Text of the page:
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Employers Should Immediately Review Recruitment Ad Practices Due to Facebook Class Litigation

A little over a year ago, three major employers—T-Mobile, Amazon, and Cox Communications—were sued for allegedly discriminating on the basis of age in the way they recruited new employees via Facebook. The plaintiffs’ lawyers targeted not only these three employers but also asserted claims against a “defendant class” of every employer that used age restrictions in their recruiting advertisements on Facebook. They also sent demand letters to scores of employers and filed charges of discrimination against yet more. Though the lawsuit and charge investigations are ongoing, the plaintiffs’ lawyers are now sending a new wave of demands to more employers and filing more charges of discrimination with the EEOC and state enforcement agencies. Employers who have not yet been targeted should take steps now to prepare.

What is the lawsuit about?

The lawsuit (filed in the Northern District of California by the Communication Workers of America and several individual plaintiffs) and the charges of discrimination allege that employers improperly targeted younger workers to receive recruitment ads on Facebook. Employers recruiting through Facebook can select to whom their ads are directed (e.g., users aged 18 to 45). Facebook’s ad transparency measures allow a Facebook user to see why a company has selected that user for the ad (e.g., “One reason you’re seeing this ad is that [Company] wants to reach people ages 18 to 45.”). This age targeting and Facebook’s transparency language are the focus of the claims (the claims are described in more detail here).

The case is unique in that it asserts claims both on behalf of a plaintiff class of all over-40 Facebook users interested in new employment, and against a defendant class of every employer that used Facebook as a recruiting platform and limited recipients of ads based on age. Liability to the plaintiff class, if the claims are successful, could be substantial. And because of the defendant class mechanism, employers who are not yet named in the lawsuit or a charge may be implicated. Critically, key decisionmakers for employers (including in-house counsel) may not even be aware that their Facebook recruiting targeted potential applicants based on age. Many employers outsource online recruiting to third-party agencies, and those agencies may have used Facebook’s age-based targeting unbeknownst to the employer.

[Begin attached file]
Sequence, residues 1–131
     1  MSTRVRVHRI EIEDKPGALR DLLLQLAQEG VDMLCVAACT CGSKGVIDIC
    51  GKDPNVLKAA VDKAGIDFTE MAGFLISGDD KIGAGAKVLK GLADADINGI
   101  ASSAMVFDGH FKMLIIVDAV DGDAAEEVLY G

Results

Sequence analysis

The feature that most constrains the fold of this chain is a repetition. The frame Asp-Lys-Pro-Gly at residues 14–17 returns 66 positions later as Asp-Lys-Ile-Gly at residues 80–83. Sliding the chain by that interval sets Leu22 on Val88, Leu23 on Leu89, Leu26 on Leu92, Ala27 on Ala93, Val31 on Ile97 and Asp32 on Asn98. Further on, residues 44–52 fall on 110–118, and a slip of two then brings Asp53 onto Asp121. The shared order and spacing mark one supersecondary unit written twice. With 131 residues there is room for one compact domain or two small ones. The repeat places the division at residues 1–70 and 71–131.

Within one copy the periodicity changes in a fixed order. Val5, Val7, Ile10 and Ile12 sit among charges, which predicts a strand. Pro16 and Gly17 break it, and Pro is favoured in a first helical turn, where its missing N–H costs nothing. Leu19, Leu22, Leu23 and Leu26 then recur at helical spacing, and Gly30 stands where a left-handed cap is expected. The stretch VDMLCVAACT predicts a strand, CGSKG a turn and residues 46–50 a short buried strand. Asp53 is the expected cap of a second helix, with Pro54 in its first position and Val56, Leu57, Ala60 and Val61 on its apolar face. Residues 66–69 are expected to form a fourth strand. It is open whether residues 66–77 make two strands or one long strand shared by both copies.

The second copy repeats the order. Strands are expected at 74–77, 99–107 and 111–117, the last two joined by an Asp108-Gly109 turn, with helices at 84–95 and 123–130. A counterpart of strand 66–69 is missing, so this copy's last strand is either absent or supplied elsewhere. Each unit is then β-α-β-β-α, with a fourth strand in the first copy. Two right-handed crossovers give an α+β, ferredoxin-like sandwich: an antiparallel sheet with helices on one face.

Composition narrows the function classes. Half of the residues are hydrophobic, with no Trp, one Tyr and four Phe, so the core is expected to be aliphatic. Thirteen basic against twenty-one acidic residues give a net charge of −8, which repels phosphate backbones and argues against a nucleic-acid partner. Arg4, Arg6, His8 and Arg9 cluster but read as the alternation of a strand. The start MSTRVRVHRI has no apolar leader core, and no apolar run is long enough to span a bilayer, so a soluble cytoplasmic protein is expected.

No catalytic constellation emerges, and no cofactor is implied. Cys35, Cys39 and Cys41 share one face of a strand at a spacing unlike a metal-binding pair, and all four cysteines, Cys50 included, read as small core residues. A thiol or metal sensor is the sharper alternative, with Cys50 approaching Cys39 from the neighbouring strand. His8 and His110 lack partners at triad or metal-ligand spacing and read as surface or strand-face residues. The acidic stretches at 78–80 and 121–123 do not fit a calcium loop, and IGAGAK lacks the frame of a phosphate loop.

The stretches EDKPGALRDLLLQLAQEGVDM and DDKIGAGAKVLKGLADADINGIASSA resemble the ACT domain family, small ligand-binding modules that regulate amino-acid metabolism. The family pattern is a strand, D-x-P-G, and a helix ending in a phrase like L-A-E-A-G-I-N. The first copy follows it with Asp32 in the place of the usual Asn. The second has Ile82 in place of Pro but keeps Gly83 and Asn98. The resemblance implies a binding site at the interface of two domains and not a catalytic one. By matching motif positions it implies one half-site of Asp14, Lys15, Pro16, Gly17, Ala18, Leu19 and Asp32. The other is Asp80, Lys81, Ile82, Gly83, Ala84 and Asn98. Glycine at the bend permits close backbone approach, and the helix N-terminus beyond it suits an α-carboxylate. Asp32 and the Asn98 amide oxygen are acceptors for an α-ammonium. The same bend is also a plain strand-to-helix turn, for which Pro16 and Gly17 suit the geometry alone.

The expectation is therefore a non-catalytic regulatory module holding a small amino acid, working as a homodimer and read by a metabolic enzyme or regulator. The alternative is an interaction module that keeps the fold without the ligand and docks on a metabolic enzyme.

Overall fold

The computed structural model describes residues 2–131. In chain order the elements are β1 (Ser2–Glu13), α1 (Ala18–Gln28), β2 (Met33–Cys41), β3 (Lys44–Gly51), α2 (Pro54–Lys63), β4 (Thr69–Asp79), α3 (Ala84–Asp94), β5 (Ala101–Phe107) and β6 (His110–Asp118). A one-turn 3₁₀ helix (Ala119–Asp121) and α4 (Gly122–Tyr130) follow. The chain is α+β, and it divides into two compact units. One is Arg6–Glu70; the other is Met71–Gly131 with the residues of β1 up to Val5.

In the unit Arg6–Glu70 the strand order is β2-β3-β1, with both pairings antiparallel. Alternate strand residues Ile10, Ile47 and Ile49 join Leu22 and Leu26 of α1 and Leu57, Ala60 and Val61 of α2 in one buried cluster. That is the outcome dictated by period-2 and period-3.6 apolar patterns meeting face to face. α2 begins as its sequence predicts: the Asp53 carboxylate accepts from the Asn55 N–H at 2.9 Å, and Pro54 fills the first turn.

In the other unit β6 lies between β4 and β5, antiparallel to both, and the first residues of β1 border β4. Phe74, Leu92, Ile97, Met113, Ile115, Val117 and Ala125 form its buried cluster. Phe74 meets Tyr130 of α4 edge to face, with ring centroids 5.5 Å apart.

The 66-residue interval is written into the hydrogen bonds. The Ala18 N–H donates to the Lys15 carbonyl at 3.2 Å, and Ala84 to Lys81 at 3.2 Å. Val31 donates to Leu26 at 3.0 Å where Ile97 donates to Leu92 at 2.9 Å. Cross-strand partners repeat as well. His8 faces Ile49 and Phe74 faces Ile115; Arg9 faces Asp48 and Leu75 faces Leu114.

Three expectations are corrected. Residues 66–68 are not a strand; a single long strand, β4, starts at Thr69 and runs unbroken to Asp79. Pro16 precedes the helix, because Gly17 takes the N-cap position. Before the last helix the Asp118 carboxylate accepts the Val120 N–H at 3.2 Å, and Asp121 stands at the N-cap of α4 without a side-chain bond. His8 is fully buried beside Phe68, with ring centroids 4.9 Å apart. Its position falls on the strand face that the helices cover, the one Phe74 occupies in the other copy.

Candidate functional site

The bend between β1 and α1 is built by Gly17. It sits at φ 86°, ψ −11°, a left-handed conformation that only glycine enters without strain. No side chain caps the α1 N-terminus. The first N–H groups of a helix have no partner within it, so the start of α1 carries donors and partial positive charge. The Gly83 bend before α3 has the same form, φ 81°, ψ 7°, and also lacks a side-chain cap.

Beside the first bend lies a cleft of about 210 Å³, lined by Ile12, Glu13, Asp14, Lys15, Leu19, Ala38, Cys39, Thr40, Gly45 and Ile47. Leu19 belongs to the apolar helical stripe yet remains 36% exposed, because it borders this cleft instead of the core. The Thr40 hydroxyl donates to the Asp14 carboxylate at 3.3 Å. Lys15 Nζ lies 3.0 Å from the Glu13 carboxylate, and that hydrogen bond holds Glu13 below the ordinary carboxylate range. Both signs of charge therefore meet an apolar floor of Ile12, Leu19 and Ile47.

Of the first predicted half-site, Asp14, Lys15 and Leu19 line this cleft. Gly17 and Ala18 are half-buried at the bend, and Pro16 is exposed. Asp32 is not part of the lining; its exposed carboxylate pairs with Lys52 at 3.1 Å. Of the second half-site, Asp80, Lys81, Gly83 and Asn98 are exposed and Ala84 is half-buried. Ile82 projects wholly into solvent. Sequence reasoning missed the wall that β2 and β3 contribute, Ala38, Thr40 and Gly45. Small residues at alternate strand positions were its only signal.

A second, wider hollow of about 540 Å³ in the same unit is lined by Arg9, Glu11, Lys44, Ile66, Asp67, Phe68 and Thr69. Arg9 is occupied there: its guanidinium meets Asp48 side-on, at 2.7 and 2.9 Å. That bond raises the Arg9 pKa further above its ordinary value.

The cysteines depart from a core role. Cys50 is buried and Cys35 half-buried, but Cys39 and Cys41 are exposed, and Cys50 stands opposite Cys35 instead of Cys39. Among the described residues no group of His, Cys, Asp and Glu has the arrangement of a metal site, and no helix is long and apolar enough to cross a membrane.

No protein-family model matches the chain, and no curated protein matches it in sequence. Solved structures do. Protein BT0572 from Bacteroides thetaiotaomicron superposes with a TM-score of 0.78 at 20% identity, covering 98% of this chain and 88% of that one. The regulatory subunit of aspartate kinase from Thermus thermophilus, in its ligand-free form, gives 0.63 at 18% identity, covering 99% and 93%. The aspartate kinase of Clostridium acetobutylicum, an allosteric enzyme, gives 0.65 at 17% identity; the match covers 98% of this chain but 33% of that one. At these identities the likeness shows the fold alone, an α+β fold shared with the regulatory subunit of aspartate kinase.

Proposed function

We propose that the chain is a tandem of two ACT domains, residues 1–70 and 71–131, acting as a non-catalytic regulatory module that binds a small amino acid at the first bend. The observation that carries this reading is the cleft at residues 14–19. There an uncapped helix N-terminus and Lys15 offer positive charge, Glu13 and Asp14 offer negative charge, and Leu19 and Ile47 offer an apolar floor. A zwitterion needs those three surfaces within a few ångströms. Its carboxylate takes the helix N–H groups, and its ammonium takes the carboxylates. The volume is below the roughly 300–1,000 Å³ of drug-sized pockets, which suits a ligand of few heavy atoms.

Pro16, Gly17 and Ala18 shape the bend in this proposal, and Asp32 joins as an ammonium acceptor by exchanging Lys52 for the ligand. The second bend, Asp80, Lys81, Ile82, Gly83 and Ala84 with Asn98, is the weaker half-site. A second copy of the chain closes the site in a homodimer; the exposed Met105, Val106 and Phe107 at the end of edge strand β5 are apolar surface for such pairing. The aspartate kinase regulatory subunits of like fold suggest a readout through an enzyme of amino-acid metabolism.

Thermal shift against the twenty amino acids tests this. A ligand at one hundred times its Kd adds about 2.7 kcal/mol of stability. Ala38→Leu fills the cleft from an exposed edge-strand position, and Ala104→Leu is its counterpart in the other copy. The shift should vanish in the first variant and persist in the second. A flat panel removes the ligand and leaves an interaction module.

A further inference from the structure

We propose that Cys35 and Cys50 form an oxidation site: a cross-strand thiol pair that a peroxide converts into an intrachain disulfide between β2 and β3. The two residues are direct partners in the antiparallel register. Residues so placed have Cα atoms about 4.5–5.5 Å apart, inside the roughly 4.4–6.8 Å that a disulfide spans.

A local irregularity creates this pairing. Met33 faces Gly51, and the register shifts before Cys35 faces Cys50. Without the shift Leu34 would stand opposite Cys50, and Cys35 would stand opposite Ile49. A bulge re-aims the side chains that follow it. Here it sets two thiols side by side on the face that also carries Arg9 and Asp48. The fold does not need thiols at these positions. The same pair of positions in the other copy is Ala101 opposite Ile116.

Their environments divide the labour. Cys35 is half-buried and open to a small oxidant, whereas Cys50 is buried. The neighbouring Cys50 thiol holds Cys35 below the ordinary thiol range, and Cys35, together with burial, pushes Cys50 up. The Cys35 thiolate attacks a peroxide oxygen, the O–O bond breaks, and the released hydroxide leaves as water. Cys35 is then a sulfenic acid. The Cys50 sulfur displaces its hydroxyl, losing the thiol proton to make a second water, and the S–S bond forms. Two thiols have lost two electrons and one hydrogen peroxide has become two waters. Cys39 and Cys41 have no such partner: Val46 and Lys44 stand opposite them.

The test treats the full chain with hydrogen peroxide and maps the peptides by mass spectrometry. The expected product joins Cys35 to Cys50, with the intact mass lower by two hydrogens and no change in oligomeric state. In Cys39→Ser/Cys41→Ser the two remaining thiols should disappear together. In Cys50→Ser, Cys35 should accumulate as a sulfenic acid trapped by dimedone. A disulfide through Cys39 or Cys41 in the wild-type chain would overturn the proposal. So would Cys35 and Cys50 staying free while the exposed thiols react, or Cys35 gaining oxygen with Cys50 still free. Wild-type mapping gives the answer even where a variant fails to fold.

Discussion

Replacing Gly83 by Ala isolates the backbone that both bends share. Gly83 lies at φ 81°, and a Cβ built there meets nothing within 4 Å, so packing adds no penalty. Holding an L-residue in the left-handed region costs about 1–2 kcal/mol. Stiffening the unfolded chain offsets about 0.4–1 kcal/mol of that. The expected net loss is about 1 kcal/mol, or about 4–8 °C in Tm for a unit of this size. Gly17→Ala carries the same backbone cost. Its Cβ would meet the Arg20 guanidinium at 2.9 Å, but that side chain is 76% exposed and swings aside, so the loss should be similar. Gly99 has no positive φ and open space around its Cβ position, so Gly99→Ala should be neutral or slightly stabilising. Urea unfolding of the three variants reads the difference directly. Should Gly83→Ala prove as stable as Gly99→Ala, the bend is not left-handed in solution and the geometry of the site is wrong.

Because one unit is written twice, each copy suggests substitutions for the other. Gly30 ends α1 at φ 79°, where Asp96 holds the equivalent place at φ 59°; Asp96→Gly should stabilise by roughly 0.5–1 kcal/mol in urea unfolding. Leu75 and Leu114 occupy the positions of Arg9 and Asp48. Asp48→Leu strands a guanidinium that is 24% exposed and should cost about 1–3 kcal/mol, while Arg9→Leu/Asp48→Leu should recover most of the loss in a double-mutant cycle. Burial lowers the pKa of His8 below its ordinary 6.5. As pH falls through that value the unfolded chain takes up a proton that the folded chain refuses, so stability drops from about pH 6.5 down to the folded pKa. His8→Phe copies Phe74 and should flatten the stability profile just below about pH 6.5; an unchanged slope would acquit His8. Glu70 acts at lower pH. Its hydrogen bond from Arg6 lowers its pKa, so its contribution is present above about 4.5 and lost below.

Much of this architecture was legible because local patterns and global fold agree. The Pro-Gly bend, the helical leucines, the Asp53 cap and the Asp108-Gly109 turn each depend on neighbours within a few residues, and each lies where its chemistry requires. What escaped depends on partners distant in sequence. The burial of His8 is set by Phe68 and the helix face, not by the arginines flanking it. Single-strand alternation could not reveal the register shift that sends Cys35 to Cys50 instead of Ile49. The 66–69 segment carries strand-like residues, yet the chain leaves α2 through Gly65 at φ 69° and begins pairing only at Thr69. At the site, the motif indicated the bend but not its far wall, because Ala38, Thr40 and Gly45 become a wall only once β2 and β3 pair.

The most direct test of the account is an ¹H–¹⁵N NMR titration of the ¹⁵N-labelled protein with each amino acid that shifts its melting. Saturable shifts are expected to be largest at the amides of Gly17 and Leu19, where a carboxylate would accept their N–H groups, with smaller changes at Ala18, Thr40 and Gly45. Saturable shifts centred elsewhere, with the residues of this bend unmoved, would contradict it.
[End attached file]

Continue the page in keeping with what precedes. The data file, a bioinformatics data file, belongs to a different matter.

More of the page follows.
What has happened in the case so far?

The parties to the lawsuit have spent the last year waging a fierce battle over whether the complaint sufficiently states viable claims, whether plaintiff and defendant class treatment is appropriate, and where the case should be litigated. The Court will hear arguments on the various motions in April and will likely issue decisions later this year.

Because the battle continues to be over whether the claims are facially viable and where they should be litigated, formal discovery has not commenced. But the plaintiffs’ lawyers have a separate ongoing lawsuit against Facebook itself involving similar allegations. One aim of that lawsuit seems to be obtaining information directly from Facebook about which employers placed age-limited recruitment ads. If the plaintiffs’ lawyers are successful in obtaining that information, yet another wave of demand letters and charges will no doubt ensue.

What actions should employers take now?

If you have not yet received a letter from the plaintiffs’ lawyers or a charge of discrimination, you should still review the content of your recruitment ads on Facebook and other social media platforms to determine whether your recruiting ads previously included or now include limitations based on age or other protected characteristics. Regardless of the ultimate viability of the plaintiffs’ claims, employers who find that their recruiting ads do have restrictions should discontinue that practice to avoid being caught up in this dispute.

If you have received a letter or a charge, you know that the plaintiffs’ lawyers are demanding immediate production of voluminous information relating to your online recruitment program and a commitment to resolve the claims by settlement in order to avoid costly and time-consuming litigation. Before communicating with the plaintiffs’ lawyers or responding to a charge, you should:

  • obtain legal counsel to strategize the best response, which may or may not be a refusal to produce anything;
  • thoroughly audit your online recruiting program to assess potential liability and defenses; and
  • if called for, run the necessary statistical comparisons to gauge the best course of defense.

Again, all employers using social media platforms to sponsor recruitment ads should review their practices immediately, as the plaintiffs’ counsel continue to expand their list of targeted employers.

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